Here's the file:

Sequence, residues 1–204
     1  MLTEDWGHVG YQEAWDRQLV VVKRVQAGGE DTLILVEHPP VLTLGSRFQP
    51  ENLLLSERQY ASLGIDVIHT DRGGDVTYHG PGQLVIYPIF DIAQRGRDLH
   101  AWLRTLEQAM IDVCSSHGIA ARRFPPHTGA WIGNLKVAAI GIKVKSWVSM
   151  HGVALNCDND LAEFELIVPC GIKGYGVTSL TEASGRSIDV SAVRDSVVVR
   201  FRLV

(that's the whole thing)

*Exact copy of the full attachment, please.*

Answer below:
Sequence, residues 1–204
     1  MLTEDWGHVG YQEAWDRQLV VVKRVQAGGE DTLILVEHPP VLTLGSRFQP
    51  ENLLLSERQY ASLGIDVIHT DRGGDVTYHG PGQLVIYPIF DIAQRGRDLH
   101  AWLRTLEQAM IDVCSSHGIA ARRFPPHTGA WIGNLKVAAI GIKVKSWVSM
   151  HGVALNCDND LAEFELIVPC GIKGYGVTSL TEASGRSIDV SAVRDSVVVR
   201  FRLV